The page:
Oh my Satoshi
Bitcoin P2P Currency: The Most Dangerous Project We've Ever Seen
May 15, 2011
by Jason Calacanis
Solid discussions of this piece on BoingBoing.net, Hacker News, Slashdot and Reddit. Rob Tercek has a follow up to this piece here.
by Jason Calacanis and the LAUNCH team
A month ago I heard folks talking online about a virtual currency called bitcoin that is untraceable and un-hackable. Folks were using it to buy and sell drugs online, support content they liked and worst of all -- gasp! -- play poker.
Bitcoin is a P2P currency that could topple governments, destabilize economies and create uncontrollable global bazaars for contraband.
I sent the 30 or so producers of my show This Week in Startups out to research the top players, and we did a show on Bitcoin on May 10. Since that time the number of bitcoin stories has surged.
After month of research and discovery, we’ve learned the following:
1. Bitcoin is a technologically sound project.
2. Bitcoin is unstoppable without end-user prosecution.
3. Bitcoin is the most dangerous open-source project ever created.
4. Bitcoin may be the most dangerous technological project since the internet itself.
5. Bitcoin is a political statement by technotarians (technological libertarians).*
6. Bitcoins will change the world unless governments ban them with harsh penalties.
Bottom line: The world is going to be turned over by bitcoins unless governments step in and ban them by prosecuting individuals.
This is about to get really interesting, everyone.
Full article on original source:
"The root problem with conventional currency is all the trust that's required to make it work. The central bank must be trusted not to debase the currency, but the history of fiat currencies is full of breaches of that trust. Banks must be trusted to hold our money and transfer it electronically, but they lend it out in waves of credit bubbles with barely a fraction in reserve. We have to trust them with our privacy, trust them not to let identity thieves drain our accounts."
— Satoshi Nakamoto
27 May 2011
Bitcoin's long gestation and early opposition indicates it is an example of the 'Worse is Better' paradigm in which an ugly complex design with few attractive theoretical properties compared to purer competitors nevertheless successfully takes over a niche, survives, and becomes gradually refined.
LulzSec, Anonymous … freedom fighters or the new face of evil?
August 9, 2011
by Craig S Wright
PhD; Adjunct Lecturer in Computer Science, Charles Sturt University
As you’ll know by now, hacktivist group Anonymous has vandalised the home page of the Syrian Ministry of Defense, posting a message which started: “To the Syrian people: the world stands with you against the brutal regime of Bashar Al-Assad”.
The response from within Syria was swift, with the so-called “Syrian Electronic Army” retaliating by defacing Anonymous’s fledgling social network, Anon+.
So, was the backlash uncalled for?
Groups such as LulzSec and Anonymous have what many see as laudable goals.
They promote freedom, or at least they claim to. The real question in all this is: what constitutes freedom?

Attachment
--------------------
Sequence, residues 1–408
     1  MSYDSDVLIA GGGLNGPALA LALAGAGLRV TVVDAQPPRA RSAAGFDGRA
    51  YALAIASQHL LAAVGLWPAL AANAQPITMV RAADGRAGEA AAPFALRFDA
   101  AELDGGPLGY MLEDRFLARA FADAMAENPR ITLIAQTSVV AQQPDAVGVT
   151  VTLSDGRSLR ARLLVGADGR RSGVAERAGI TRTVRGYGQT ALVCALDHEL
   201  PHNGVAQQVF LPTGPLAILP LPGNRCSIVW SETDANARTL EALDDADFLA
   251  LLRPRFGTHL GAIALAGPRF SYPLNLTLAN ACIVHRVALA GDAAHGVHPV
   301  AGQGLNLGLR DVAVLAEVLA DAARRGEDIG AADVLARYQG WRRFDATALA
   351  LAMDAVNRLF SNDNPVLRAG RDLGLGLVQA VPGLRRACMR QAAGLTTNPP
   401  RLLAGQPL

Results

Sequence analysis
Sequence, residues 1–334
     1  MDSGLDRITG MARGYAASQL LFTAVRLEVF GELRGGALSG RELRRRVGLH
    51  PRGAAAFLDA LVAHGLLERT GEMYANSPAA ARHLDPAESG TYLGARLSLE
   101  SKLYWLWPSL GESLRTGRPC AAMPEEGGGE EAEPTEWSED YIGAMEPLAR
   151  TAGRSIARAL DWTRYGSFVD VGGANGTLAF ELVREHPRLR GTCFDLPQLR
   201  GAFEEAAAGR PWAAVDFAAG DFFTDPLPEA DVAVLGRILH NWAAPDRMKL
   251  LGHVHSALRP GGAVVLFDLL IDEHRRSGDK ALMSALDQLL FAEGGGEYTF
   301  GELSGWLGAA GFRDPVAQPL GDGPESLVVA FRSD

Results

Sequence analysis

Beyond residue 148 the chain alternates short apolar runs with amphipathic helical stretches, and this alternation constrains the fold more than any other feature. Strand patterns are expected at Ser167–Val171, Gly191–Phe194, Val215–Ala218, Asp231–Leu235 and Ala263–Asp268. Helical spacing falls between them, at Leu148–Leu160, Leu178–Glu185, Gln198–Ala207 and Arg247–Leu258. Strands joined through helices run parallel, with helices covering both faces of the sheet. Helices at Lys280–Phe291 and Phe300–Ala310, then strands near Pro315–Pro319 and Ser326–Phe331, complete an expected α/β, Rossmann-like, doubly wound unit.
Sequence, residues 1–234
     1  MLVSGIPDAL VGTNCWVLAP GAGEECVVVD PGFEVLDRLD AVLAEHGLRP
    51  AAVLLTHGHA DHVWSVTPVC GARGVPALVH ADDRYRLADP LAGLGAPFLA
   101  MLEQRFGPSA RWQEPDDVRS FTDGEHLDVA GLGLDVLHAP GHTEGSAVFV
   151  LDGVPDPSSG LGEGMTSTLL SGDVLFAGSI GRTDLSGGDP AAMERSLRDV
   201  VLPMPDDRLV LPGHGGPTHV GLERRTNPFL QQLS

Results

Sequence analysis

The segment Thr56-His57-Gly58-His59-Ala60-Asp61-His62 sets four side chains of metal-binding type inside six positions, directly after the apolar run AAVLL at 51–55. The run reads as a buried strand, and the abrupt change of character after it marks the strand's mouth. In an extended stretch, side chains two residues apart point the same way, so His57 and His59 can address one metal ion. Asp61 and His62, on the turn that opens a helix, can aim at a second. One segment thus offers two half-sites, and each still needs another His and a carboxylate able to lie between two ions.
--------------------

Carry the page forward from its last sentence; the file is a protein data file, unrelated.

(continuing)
After reading Gavins thread on public relations, I wanted to find an easy way to make Bitcoin come across as a more professional, trustworthy project. I don't need to explain why that's an important image to establish.
So I changed my forum display name from [mike] to my real name, which was easily available from the BitCoinJ project anyway. Quite a few important players in the Bitcoin community aren't actually anonymous even though they use nicks on this forum. When people evaluate Bitcoins potential, one question they ask is, who are these people? Is anyone seriously standing behind this project? Just using our real names when posting is a simple step that will re-assure people who are deciding whether it's worth their time. So I encourage you to do the same - it's easy to do by going into the profile tab and clicking "Account Settings".
Here's a quick reference guide to some of the communities top contributors, based on publicly available information:
- Gavin Andresen, no need to introduce the project maintainer. He previously worked at Silicon Graphics and now runs his own company.
- MagicalTux - Mark Karpeles, owner of MtGox and Kalyhost
- Vladimir Marchenko, runs Marchenko Ltd which sells mining contracts, previously developed the figator.org search engine.
- xf2_org - Jeff Garzik, who does kernel development at Red Hat
- BlueMatt - Matt Corallo, core developer
- sipa - Pieter Wuille, core developer and maintainer of the network graphs
- justmoon - Stefan Thomas, creator of the WeUseCoins.com site/video and WebCoin.
- Hal - Hal Finney, one of the creators of PGP
- mndrix - Michael Hendrix, creator of the (sadly defunct) CoinPal and CoinCard services
- theymos - Michael Marquardt, creator of the widely used blockexplorer.com site
- genjix - Amir Taaki, creator of the Britcoin exchange
- Mike Hearn - Google engineer who works on Gmail and developed BitCoinJ
There are a few others I know based on private information. If you're OK with appearing here (or not appearing here) let me know.
BTW I know plenty of people posting in these forums prefer to be totally anonymous, and there's nothing wrong with that.
1st fork of Bitcoin
18 April 2011
Unlike bitcoin, Namecoin can store data within its own blockchain transaction database. The original proposal for Namecoin called for Namecoin to insert data into bitcoin's blockchain directly. Anticipating scaling difficulties with this approach, a shared proof-of-work (POW) system was proposed to secure new cryptocurrencies with different use cases.
Namecoin's flagship use case is the censorship-resistant top level domain .bit, which is functionally similar to .com or .net domains but is independent of ICANN, the main governing body for domain names.
February 18, 2011, 08:50:57 AM
1 satoshi = 1 microbitcent (smallest denomination)
100 million satoshis = 1 bitcoin